There has been a rise in violence. Naxalites are trying to terrorize the people against voting. But the police and the security forces have ensured that there will be adequate protection and people will come out and vote.
Why did you change your constituency?
Rajnandgaon is my constituency. I had represented this parliamentary constituency in 1999. I have contested from Kawardha assembly constituency as well as from the Dongargarh assembly constituency in the previous assembly elections. All these constituencies are part of my parliamentary constituency, Rajnandgaon. I would be happy to represent any part of my parliamentary constituency and, for that matter, any constituency in the state where my party wants me to contest. This time my party has decided to field me from Rajnandgaon.
Why has the BJP changed many of its sitting legislators? There have been reports that this has been done to avoid the anti-incumbency wave and charges of corruption.
The election committee of the party considered many factors. However, “winnability" of the candidates is the foremost consideration. After all, young blood and new faces will have to come into parliamentary politics and this is an opportunity for them.
How bad is the anti-incumbency wave in your state?
Where is the anti-incumbency wave? Leave alone the wave, there is not even anti-incumbency factor. I have been travelling the length and breadth of the state to monitor the implementation of the government programmes. During every summer in the past five years, I have conducted surprise visits to remote villages.
In the months of May, June and July, I travelled more than 2,600km on road. It took me 19 days to cover 72 constituencies and I met more than two million people. The enthusiasm with which the people responded is really satisfying. I did not find any anti-incumbency during the entire tour. Indeed, people wanted more and more development and I could see their faith in BJP and in our government.
What do you think about the mineral policy of the Union government? Chhattisgarh, along with other mineral-rich states, has expressed reservations against the draft mineral policy of the Centre.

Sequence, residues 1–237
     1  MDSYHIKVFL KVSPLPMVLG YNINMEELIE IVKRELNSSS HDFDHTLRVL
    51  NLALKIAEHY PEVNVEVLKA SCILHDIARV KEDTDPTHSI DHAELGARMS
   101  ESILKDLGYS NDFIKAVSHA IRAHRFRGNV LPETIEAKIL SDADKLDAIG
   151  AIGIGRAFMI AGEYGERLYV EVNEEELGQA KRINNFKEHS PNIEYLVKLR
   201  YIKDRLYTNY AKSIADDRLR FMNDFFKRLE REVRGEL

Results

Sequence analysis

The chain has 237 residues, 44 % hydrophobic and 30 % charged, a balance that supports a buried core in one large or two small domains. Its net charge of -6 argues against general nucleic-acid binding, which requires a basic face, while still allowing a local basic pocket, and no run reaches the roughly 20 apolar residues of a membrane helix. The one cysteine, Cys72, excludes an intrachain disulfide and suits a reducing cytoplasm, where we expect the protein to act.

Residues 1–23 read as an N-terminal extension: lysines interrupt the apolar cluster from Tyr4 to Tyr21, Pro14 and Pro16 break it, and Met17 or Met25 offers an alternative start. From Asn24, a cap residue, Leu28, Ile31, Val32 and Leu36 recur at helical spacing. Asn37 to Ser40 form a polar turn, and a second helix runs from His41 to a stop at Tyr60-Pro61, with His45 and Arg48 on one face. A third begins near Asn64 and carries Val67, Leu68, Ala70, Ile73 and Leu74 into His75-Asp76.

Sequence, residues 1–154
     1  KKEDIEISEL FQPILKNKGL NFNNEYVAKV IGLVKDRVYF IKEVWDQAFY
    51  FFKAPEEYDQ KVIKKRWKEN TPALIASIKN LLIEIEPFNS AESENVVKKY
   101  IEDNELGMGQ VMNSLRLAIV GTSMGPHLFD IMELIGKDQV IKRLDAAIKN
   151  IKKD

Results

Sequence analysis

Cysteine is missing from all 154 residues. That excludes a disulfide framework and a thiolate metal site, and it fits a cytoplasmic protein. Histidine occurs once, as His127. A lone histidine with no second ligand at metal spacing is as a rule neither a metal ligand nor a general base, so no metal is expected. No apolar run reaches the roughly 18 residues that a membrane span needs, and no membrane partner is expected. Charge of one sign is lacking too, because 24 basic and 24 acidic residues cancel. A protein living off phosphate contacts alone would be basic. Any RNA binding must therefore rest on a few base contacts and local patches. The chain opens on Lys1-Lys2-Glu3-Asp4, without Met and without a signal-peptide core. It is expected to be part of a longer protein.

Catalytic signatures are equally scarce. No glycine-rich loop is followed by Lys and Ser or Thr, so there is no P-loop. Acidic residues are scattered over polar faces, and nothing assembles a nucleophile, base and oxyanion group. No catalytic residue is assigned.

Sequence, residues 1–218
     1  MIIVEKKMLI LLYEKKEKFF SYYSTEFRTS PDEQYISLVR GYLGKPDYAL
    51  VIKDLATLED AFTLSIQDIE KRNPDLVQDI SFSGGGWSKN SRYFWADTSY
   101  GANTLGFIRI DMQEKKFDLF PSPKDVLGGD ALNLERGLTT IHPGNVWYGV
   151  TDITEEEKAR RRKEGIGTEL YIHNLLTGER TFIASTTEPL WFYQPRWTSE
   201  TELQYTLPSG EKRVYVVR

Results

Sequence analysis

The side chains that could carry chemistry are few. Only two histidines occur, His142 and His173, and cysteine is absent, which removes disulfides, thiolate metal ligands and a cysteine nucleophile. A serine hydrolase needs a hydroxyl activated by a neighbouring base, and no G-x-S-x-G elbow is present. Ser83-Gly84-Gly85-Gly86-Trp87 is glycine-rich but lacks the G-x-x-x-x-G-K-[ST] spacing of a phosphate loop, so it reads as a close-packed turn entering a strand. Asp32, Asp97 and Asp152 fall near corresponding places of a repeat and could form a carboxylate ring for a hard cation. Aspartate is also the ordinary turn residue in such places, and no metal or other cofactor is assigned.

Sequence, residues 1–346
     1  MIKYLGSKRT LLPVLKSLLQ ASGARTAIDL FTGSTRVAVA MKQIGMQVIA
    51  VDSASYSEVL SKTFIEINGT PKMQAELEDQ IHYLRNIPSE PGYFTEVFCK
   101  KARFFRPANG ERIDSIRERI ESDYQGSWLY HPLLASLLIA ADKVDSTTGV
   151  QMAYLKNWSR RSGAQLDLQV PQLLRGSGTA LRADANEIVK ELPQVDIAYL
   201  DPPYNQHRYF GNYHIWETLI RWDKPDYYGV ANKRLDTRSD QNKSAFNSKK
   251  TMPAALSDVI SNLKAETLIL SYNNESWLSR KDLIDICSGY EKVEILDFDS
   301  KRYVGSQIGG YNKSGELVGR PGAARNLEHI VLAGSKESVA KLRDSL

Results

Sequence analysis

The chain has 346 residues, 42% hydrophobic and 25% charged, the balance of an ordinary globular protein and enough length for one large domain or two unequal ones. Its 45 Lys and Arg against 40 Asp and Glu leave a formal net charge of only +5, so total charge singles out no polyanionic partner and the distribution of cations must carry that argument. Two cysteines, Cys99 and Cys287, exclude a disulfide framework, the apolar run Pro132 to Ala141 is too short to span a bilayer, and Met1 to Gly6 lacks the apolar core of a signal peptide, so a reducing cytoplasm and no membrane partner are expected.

We, the chief ministers of Chhattisgarh, Jharkhand, Karnataka, Orissa and Rajasthan, have been repeatedly taking up issues related to the (draft) national mineral policy with the Prime Minister and also with (home minister) Shivraj Patil, who heads the group of ministers for finalizing the draft national mineral policy. We have jointly submitted a memorandum to the Prime Minister.
I, in fact, met the Prime Minister a couple of times to discuss the issues that concern the state. We want that priority be given for the grant of mining licences to those who propose to put up mineral-based industries within the state. It is an irony that mineral-rich states such as Chhattisgarh continue to be among the most backward and poor states in the country. We want a national mineral policy which will address developmental concerns of the state.
Do you think the global financial meltdown, the economic slowdown here and the job cuts that this has resulted in across sectors will play against the Congress-led Union government during the state polls?
Of course, it will play against the Union government. The country expected more from the economist-Prime Minister. However, the UPA government failed to address the fallout of the economic slowdown.
The Bahujan Samaj Party has fielded candidates in all the 90 seats in the state. Do you think the party will play spoiler for the Congress? Or will it affect you too?
The BSP factor will affect the BJP too. The BSP is serious in the constituencies that will go to polls in the second phase of elections. The impact depends on how much they can divide the votes.
Although they may not manage more than 6-7% votes, they will be a deciding factor at least in 20 constituencies, because the margin (of victory) may not be too large.